Cincinnati Bengals owner Mike Brown wanted to do another Hard Knocks training camp series with HBO because he said he thinks it will change his franchise’s image as a place where troubled players are welcomed.
Things are much different now, Brown said yesterday at the team’s annual preseason luncheon.
“We have a different team now than we had a few years ago,” Brown said. “We want the public to see them. We think they’re good people. We think the public will be taken by them, will like them. It gives us a boost.”
When the Bengals agreed to do Hard Knocks for the first time in 2009, Brown hoped that troubled receiver Chris Henry — arrested five times — would get a lot of air time so fans could see beyond his criminal record. Then, Brown had a reputation for drafting and signing troubled players. Ten Bengals players had been arrested during a 14-month span. The club has been more careful in the past few years. The only current player on a court docket is cornerback Adam “Pacman” Jones, scheduled for trial on Aug. 19 on an assault charge.
At one point during the run of arrests, Brown referred to himself as a “redeemer.” He said he’s now taking an approach more like his father, franchise founder Paul Brown, who didn’t put up with bad conduct.
“The thing I do regret is how it came to make us, or put on us an image that I don’t think was ever anything but a very small part of what we were and sometimes not a part at all,” Brown said. “ In recent years, I’ve tried to go the other way. I’ve just thought it’s too heavy a price to pay and we were going to go back to square one and bring in here guys that were sound people.”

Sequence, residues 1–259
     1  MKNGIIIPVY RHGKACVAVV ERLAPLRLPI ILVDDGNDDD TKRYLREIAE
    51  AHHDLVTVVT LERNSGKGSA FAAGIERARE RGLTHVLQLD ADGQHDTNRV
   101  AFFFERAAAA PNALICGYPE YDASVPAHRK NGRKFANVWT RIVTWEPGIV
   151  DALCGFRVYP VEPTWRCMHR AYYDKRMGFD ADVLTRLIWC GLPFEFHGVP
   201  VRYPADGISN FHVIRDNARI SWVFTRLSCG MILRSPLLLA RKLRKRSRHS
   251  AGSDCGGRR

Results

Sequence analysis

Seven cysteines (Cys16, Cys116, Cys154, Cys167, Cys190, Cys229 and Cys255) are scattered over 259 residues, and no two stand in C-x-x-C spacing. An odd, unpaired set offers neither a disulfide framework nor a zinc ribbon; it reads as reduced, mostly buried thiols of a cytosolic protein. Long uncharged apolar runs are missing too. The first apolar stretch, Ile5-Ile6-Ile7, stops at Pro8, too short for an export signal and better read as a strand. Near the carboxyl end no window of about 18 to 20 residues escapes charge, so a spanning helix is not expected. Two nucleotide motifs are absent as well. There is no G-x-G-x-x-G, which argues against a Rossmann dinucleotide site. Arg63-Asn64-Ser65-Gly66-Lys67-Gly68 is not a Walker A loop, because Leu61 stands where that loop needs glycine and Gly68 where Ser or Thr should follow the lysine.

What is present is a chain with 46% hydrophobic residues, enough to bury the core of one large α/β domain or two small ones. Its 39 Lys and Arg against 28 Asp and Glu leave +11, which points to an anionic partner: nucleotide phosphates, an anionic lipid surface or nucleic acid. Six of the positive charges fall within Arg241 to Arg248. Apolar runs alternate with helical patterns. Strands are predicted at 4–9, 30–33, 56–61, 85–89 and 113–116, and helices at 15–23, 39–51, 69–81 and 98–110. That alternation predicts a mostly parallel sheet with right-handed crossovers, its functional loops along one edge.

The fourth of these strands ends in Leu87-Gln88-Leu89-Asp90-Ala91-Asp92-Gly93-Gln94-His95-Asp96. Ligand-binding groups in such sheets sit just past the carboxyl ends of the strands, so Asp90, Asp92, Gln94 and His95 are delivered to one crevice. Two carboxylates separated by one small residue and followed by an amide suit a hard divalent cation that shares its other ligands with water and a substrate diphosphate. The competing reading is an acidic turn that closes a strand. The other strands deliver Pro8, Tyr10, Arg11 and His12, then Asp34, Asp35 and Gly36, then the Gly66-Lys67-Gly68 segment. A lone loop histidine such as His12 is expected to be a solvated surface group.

Browns, guard Greco agree to five-year deal
The Cleveland Browns agreed to terms with guard John Greco on a five-year contract.
Greco started a career-high 10 games last season for Cleveland, filling in at left guard after Jason Pinkston was hospitalized because of blood clots in his lungs. Greco did not miss an offensive snap over his first nine starts.
Bills release Anderson after just one year
The Buffalo Bills parted ways with defensive lineman Mark Anderson just one year after he signed a four-year deal with the team.
Touted as a high-profile signing after a 10-sack performance with New England in 2011, Anderson signed a four-year, $21 million contract with Buffalo in 2012.
But he struggled with injuries for the Bills last season, which led to his release. He made just five appearances, registering 12 tackles and one sack.
The New York Jets agreed to terms on a one-year deal with kicker Billy Cundiff, who will compete with Nick Folk for the job in training camp. ... The Oakland Raiders signed quarterback Tyler Wilson, a fourth-round draft pick from Arkansas, to a contract. ... The Denver Broncos are saving $3.5 million with the release of linebacker Joe Mays, who lost his starting job and then suffered a broken left leg last season. ... The Tampa Bay Buccaneers signed running back Peyton Hillis to a one-year contract.